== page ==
CNN technology is adept at classifying images or image regions with challenging content, such as highly textured, naturally varying, or acceptably deformed goods like produce. The underlying inference capabilities make it a ready fit for categorizing data based on pre-established classes for identification and detection and can thus readily differentiate between varieties of goods, or between acceptable and defective parts.
Deep learning and CNNs are less adept at performing measuring tasks or high-accuracy locating tasks, particularly if the object is one that can be scaled or rotated.
The use of neural networks is certainly poised to accelerate and democratize the development of industrial imaging solutions. The technology is uniquely suited to handling inspection scenarios too complex to solve via traditional machine vision algorithms. It is imperative to note, however, that deep learning does pose significant challenges to users and providers of the technology. First and foremost, an extensive data set of images is necessary to effectively train and validate a neural network. Another challenge lies in the physical sourcing of image data. It is far easier to obtain images of acceptable goods, for example, than it is of defective goods, especially when defective goods tend to vary extensively in their “defectiveness.” Machine vision developers will need to account for the process of acquiring and labelling images — not only for initial development but also for future project adaptations. It, therefore, often makes sense to use the providers of deep learning technology to streamline the process of establishing the parameters for a successful neural network.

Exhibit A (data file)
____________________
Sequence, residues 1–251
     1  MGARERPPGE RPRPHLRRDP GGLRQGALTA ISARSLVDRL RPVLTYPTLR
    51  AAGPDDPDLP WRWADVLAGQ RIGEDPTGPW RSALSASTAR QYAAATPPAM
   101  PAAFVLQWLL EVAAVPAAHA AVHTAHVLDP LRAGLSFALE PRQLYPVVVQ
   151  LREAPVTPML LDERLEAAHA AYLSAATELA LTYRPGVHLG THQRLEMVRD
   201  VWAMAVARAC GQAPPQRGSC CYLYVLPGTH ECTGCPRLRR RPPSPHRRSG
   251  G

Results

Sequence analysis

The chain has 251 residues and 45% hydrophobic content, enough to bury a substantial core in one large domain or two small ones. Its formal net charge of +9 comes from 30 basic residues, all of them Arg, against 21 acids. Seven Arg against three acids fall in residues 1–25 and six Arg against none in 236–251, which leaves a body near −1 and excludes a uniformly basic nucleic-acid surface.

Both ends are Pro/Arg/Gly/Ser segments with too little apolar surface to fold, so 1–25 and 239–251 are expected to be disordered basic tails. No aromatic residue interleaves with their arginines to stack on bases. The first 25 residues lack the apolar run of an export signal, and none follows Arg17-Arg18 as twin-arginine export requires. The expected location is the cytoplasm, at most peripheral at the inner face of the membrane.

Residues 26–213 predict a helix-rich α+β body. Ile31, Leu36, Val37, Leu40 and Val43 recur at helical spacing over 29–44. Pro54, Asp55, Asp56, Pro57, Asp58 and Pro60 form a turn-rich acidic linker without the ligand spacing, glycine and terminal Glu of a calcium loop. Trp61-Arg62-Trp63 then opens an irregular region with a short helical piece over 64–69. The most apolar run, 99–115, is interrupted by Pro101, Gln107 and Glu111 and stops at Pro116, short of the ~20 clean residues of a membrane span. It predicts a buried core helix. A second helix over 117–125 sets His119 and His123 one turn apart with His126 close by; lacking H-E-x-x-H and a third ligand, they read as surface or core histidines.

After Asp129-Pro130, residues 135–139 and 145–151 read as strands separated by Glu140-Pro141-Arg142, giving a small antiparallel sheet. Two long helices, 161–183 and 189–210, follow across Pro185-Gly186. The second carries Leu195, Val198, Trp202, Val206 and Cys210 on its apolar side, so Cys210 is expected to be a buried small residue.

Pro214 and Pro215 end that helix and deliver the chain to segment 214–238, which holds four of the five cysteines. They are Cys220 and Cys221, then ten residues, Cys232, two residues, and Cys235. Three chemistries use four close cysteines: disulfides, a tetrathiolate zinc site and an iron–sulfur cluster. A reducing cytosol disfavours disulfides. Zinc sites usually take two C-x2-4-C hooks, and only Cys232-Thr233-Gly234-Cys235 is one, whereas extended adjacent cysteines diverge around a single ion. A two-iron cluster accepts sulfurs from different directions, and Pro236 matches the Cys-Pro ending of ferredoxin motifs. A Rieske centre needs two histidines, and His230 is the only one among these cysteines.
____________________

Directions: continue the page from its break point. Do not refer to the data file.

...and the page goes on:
To the Future
The machine vision sector is undergoing major shifts, and deep learning is the latest manifestation of its trajectory. Deep learning constitutes a powerful technology that enhances existing computer vision techniques and can help to lessen labor costs, increase production speeds, and reduce product defects in manufacturing applications. In spite of the buzz, however, leading authorities suggest that the technology is not yet smart enough to function as a comprehensive replacement for human knowledge. Moreover, training CNNs remains as much an art as it is science. The initial training process necessitates tremendous amounts of clearly labelled data as well as additional data that reflects changes to the process over time.
In the coming years, deep learning gives every indication of being a major industry disruptor, and the deployment of CNN-based technology is likely to have tremendous impact on imaging software. With a growing ability to leverage artificial neural networks to imitate recognition and decision-making tasks performed by the human brain, deep learning is but part of the evolution of the Industrial Internet of Things (IIoT), a sea change we are only just beginning to see take shape.
This article was written by Arnaud Lina, Director, Research and Innovation; Pierantonio Boriero, Director, Product Management; and Katia Ostrowski, Marketing Communications, Matrox Imaging (Dorval, Quebec, Canada). For more information, contact Ms. Ostrowski at